On this trip we have never passed up the opportunity for an interesting stretch of road (such as Beartooth Pass in Montana which my brother-in-law Dan recommended). However, Highway 1 and Highway 155 are definitely the wildest stretches of paved road that we have driven on this trip, and definitely among the most beautiful stretches of road (but the views had to be left to the passengers). I highly recommend anyone who has the opportunity to experience these two stretches of highway to do so. However, I recommend not doing it in a RV or even a truck camper. Consider a Porsche, or some other car that is light, with great handling, low to the ground, and with excellent breaks.

Wednesday, April 6, 2016

What Do You Want To Do? Want Do You Want To Be?

I felt that after a visit to Google and Facebook (thank you Patrick and Jarred) that I should write something about my daughters comments about their future career plans. Not that Kathy or I expect either of our daughters to have the slightest clue what they want to be, nor should we expect them to have any idea what they want to be or do. However it got us all talking.

Now of course when we were visiting the head quarters two of the best know companies in the world where meals are all free, laundry is free, gym facilities are free, and there are free bikes for anyone to use when ever they want, it's hard for a visitor not to say, "I want to work here!" (For the record John and Gary, I personally never said out loud that I wanted to work at either Google or Facebook. Kathy will attest to this. Not that any jobs were offered...). However, when we got back to where we were staying for the night I asked both girls to talk about all the different jobs we've seen that people do during this trip. The first words out of their mouth were, "We don't have to write a paper about this, do we dad?" I said they didn't if we could have a good discussion.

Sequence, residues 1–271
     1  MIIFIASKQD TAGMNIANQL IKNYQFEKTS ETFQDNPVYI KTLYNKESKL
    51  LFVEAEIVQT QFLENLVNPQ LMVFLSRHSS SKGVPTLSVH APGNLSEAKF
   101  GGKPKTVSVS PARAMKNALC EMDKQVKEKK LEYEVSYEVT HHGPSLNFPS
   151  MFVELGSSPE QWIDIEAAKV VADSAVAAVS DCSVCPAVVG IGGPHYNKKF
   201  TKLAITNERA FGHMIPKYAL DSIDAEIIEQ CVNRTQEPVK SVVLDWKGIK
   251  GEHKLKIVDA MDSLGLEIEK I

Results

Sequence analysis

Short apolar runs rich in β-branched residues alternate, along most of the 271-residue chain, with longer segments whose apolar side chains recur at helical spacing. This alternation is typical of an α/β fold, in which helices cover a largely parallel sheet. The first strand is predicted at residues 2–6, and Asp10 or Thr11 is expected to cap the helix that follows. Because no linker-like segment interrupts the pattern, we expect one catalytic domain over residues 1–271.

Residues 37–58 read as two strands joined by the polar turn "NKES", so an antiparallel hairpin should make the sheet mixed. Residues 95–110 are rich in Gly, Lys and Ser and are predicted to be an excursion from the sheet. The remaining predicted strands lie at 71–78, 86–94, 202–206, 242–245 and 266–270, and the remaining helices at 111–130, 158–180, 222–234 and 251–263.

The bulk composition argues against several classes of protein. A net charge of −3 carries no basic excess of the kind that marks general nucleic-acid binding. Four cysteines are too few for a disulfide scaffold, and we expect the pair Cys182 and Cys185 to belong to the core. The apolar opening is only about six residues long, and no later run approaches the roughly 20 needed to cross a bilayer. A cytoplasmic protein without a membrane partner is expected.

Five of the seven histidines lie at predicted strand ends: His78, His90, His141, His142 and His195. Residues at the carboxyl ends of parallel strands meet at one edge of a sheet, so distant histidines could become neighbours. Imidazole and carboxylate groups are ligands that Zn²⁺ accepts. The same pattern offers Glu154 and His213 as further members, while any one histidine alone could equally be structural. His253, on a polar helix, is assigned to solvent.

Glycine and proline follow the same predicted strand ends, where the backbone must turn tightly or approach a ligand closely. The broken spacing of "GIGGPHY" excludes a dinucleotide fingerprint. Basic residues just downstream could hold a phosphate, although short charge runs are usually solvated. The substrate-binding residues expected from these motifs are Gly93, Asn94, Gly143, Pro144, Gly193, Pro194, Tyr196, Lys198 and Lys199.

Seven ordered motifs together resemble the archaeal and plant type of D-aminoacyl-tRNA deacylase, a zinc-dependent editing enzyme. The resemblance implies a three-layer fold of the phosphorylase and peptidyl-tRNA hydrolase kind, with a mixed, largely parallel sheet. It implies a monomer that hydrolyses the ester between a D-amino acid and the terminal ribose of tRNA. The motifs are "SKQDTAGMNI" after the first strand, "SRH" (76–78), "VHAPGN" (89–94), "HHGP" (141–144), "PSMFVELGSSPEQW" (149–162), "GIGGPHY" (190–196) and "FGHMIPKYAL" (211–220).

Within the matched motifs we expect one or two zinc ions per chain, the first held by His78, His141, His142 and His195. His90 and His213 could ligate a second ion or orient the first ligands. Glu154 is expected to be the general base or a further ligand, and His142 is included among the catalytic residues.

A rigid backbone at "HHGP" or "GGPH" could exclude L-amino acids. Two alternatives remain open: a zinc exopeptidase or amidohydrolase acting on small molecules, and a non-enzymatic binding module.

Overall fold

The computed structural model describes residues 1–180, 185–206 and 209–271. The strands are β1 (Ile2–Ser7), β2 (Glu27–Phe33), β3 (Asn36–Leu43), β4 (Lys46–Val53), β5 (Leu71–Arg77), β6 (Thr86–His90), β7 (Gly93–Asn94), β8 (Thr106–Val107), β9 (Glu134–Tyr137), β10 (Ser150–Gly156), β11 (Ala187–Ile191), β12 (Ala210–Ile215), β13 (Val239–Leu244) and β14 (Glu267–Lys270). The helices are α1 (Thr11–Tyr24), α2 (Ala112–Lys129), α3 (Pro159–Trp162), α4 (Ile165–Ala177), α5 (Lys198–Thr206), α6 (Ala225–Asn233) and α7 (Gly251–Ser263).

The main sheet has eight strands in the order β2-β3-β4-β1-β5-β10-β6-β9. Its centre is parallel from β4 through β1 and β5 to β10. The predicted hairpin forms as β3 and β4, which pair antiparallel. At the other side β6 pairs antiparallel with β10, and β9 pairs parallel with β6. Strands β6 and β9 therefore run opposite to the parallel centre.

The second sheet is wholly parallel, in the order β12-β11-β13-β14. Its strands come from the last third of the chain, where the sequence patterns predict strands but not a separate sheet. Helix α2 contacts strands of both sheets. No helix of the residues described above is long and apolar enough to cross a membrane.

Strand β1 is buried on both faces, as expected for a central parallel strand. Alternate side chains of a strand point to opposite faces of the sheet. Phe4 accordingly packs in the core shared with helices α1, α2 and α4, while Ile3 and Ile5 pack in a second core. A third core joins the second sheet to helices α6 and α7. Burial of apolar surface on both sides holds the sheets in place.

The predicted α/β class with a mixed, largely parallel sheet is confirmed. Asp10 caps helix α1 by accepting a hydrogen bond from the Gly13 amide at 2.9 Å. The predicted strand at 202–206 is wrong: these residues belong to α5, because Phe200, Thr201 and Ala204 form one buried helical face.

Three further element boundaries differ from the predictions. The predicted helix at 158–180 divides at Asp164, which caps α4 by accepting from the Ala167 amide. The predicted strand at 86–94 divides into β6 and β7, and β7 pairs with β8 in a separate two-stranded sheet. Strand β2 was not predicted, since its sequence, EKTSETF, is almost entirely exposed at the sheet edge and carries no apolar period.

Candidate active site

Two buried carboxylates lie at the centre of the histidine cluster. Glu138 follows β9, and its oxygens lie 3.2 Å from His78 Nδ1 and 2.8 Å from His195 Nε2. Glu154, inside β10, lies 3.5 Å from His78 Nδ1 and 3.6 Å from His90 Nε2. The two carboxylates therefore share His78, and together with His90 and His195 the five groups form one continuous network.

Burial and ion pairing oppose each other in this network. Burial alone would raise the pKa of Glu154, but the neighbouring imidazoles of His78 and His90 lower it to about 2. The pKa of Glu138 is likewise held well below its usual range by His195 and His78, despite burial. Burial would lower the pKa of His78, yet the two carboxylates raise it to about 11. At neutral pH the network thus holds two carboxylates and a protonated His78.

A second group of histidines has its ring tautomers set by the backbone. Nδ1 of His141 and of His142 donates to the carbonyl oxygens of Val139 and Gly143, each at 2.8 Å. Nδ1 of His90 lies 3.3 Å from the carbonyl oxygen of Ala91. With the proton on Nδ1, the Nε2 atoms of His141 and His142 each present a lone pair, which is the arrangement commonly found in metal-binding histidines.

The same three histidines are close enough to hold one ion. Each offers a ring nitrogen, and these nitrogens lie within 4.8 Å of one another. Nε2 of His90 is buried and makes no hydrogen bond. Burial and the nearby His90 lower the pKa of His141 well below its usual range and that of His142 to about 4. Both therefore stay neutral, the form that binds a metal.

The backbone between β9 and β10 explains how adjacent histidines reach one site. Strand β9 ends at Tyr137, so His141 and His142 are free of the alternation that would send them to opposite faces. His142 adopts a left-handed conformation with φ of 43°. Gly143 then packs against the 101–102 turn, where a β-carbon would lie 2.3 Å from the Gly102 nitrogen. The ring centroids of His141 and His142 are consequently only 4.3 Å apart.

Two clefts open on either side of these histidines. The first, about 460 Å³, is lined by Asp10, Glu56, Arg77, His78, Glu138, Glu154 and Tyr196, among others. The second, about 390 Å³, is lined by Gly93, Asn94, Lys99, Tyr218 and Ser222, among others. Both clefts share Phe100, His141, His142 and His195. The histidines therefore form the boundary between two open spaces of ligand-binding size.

We talked about all the different jobs that we've seen people do on this trip: Clem and his winery in Maine, Sophia and her pop up kitchen's in Tennessee, Martha at Mockingbird Hill Farm in Georgia, Chaz on the ranch in Texas, Bob the water source expert in Utah, and of course Patrick at Google and Jarred at Facebook (along with many, many others). When they considered everything they had seen and experienced their opinions changed a bit. Siena said she wants to be just like Bob, exploring the mountains and rivers around Salt Lake City and testing the water quality. Nadia said she wants to be just like Sophia, a cook! (Sophia does a lot more than just cook, but if you check out her Instagram  account, you'll see why Nadia wants to be a cook like Sophia. Granted, by later in the night, both of their future career goals had completely changed again.
Clem giving the girls a tour of his winery in Maine
Sophia teaching the girls about essential oils (Sophia does more than cook)
Siena feeding the goats on Mockingbird Hill Farm
Chaz showing the girls how to feed each cow by hand, which he does every day
Nadia learning how they take naps at Google
The girls updating THE Facebook Wall
One part of why I wanted to do this trip was to show the girls a wide sampling of the sort of things people do for a living across America. I personally had no idea of the vast different career choices there were out there when I finished college. I had great plans for how we would try and see as many different sorts of jobs that people do across the country. In the end, I was never organized enough to put together a proper educational tour of careers across America. However, we have met lots of interesting people and saw lots of different ways of making a living. Perhaps the girls will look back on this trip some day in the future and be able to use the memories of this experience to open up possibilities that they might not have otherwise considered. For right now at least, I'm just happy that Siena is open to ideas other than moving to Hawaii and becoming an shark trainer, and Nadia is no longer dead set on being Taylor Swift when she grows up.